"Disproportionate Impact of K-12 School Suspension and Expulsion on Black Students in Southern States"
Southern states contribute heavily to national trends of disproportionately high rates of discipline for black students in public schools, a new study found.
Fifty-five percent of the 1.2 million black students suspended in the United States during the 2011-12 school year lived in 13 Southern states, according to the analysis released last month by researchers at the Center for the Study of Race and Equity in Education at the University of Pennsylvania Graduate School of Education. The study drew on the most recent data available from the U.S. Department of Education's office for civil rights for more than 3,000 public school districts in the South.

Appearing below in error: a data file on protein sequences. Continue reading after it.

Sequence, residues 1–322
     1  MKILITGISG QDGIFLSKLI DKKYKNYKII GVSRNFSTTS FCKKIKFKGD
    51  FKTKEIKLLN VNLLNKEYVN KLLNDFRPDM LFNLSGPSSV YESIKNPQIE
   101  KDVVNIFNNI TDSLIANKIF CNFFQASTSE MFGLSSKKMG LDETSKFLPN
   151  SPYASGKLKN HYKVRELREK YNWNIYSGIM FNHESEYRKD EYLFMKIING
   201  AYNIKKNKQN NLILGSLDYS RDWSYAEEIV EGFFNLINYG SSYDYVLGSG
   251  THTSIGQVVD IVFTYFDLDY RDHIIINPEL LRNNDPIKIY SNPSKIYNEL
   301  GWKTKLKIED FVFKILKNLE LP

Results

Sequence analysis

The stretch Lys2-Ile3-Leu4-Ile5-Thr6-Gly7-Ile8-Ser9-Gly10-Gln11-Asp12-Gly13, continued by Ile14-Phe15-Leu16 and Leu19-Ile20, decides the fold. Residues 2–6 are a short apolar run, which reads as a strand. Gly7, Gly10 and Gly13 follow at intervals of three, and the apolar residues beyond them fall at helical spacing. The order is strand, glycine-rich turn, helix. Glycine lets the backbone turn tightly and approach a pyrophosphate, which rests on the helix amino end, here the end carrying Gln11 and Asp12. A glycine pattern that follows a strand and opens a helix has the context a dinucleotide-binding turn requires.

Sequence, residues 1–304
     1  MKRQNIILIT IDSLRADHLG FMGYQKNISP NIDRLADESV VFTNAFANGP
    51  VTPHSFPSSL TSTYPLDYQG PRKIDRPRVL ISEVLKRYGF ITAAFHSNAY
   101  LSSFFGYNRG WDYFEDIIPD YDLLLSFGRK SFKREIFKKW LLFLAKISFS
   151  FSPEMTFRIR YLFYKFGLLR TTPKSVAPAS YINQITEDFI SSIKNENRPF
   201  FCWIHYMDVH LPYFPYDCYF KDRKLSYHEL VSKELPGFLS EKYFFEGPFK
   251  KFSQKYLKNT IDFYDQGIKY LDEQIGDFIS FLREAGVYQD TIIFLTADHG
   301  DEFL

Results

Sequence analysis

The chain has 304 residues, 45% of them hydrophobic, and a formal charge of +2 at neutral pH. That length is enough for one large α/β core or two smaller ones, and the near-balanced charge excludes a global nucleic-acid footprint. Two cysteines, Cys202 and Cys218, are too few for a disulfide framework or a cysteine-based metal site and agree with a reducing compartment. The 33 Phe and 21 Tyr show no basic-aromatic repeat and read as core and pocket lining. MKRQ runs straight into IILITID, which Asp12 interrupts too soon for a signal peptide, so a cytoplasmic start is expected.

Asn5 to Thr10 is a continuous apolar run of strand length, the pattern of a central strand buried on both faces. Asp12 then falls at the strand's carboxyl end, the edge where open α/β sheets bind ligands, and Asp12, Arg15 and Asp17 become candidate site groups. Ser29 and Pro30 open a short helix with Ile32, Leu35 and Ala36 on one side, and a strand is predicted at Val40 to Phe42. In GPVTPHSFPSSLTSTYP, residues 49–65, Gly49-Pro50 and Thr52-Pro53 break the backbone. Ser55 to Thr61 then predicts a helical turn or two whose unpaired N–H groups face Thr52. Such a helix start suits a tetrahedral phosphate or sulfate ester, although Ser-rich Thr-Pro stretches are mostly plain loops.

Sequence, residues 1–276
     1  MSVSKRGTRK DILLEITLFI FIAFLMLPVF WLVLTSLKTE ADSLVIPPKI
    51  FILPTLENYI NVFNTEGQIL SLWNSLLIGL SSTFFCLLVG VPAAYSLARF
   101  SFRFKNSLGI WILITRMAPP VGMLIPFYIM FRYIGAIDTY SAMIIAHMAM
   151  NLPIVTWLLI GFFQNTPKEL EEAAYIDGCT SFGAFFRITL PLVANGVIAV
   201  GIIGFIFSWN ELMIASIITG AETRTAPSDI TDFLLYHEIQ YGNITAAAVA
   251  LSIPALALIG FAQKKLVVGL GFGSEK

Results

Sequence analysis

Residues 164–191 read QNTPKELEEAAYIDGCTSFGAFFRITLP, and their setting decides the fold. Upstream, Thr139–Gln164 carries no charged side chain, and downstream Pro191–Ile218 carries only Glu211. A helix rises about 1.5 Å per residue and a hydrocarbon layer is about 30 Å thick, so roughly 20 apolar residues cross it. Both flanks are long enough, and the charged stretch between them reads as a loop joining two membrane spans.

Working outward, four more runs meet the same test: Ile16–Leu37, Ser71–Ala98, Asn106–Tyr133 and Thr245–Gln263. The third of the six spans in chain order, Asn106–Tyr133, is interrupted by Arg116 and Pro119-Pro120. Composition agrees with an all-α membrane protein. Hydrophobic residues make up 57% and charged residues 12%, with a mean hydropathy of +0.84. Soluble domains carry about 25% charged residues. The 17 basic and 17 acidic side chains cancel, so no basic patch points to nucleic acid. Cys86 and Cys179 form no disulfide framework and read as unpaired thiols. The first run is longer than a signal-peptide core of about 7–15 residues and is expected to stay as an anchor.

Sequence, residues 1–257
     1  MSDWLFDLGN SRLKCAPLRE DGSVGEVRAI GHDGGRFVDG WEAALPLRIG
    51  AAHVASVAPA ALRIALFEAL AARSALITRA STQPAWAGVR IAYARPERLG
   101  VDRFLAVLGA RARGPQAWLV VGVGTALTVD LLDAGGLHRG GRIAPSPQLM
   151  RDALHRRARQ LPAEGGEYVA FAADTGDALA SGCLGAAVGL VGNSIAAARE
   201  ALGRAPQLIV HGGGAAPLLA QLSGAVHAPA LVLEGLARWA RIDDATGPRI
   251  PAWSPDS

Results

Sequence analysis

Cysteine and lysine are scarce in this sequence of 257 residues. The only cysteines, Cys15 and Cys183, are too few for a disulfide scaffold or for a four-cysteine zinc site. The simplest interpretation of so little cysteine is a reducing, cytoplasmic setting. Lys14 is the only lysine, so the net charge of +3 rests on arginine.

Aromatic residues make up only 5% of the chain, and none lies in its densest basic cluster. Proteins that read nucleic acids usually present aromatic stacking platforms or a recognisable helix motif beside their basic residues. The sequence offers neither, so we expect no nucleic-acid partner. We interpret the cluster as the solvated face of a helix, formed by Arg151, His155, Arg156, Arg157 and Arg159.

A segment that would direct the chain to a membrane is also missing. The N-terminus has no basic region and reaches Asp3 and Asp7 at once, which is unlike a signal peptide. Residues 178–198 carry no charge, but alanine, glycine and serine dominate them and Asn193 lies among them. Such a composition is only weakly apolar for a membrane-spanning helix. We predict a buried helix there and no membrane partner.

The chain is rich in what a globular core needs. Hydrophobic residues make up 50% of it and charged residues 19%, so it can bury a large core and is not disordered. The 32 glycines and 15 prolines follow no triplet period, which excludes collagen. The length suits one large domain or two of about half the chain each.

In the 132 most-extreme districts, the report found, black students were suspended at rates five times higher than their representation in the student population.
The report also provides district-by-district discipline rates for every Southern state.
Vol. 35, Issue 03, Page 5Published in Print: September 9, 2015, as School Discipline